Permaculture sounds complex. And it is, since it’s a way of integrating what you eat, where you live, the energy you use, how you use resources like soil and water, the climate where you live and the ethics of sustainable living. But this doesn’t mean you can’t start small. In fact, permaculture is about the individual and the community, not about big organizations and government involvement. There are plenty of ways to make permaculture practical. Here we look at some applications of the system into easy ways to help save our planet. You can start right in your backyard or community.
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10. Living roofs are cleaning the air and supplying the kitchen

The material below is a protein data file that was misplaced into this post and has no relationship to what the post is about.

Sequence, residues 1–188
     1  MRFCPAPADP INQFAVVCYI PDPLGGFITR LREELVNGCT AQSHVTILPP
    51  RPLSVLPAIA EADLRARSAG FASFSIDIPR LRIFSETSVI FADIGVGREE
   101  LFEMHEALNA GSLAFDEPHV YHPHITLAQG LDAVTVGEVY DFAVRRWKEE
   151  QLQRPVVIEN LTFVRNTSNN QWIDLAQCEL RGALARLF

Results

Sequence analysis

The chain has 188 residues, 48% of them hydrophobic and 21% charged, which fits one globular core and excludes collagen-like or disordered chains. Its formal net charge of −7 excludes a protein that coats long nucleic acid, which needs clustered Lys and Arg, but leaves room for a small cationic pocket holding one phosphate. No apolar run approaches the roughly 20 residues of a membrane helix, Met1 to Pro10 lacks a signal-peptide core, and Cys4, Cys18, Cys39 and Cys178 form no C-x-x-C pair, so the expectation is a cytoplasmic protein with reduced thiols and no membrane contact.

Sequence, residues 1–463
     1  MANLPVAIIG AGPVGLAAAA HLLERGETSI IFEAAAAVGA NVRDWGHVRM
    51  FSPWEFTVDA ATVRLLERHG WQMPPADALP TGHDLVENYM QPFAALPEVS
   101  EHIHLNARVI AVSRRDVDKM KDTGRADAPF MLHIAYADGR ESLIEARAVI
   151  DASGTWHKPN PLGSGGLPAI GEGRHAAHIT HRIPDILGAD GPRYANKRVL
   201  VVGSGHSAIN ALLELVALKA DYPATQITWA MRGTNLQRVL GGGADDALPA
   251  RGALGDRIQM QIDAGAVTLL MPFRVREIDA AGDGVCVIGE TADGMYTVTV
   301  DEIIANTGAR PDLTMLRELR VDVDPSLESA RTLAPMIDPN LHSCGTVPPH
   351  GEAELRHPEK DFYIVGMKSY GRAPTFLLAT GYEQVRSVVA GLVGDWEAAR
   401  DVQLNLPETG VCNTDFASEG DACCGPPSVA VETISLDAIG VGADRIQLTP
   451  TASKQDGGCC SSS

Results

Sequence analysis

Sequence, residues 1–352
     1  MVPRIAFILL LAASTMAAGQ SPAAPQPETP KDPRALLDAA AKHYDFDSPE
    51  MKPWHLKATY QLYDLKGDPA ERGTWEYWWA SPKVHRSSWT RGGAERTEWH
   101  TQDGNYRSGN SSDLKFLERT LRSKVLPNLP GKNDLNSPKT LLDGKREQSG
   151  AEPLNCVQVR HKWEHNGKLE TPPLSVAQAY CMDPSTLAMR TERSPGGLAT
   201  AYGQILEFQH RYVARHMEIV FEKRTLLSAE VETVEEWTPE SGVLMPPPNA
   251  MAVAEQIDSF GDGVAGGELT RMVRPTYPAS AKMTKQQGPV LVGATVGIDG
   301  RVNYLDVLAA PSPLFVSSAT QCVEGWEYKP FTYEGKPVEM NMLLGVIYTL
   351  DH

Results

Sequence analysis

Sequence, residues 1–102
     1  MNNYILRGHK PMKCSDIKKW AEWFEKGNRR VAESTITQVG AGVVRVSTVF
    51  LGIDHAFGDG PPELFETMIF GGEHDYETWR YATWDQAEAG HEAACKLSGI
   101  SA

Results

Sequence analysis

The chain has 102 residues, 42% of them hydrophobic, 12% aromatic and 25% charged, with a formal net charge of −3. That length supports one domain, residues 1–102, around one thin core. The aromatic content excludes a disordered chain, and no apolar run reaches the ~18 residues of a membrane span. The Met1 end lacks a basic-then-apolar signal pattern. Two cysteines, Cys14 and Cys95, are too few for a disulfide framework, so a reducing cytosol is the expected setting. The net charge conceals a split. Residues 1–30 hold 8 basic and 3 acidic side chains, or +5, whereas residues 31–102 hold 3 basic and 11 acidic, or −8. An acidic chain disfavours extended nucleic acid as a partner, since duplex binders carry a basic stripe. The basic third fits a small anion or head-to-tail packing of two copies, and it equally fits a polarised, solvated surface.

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A rooftop garden will teach you about the seasonal cycles of nature and harvest, as well as bring food that you’ve grown to the table! It will be an oasis in an urban skyline. It can insulate. Plus, growing things is fun.
One of the first principles of Permaculture is to observe nature, and interact with it. Among the easiest ways to make permaculture practical and engage closely with nature when you don’t have a plot of land is to grow a garden in recycled containers on the roof.
Get yourself a book on permaculture. Set up junk like old packing crates, worn tires or hammer a few pallets together, place a line of plastic with holes for drainage, pour in sand, soil, compost and mulch and voila. You can plant anything from herbs to beans to spinach, tomatoes, beets, peppers and more. Your green roof could become a beautiful place to live and work.
Your impressed friends and neighbors will learn from you, and grow their own green roofs. Living roofs can be good examples of how permaculture saves the planet a step at a time.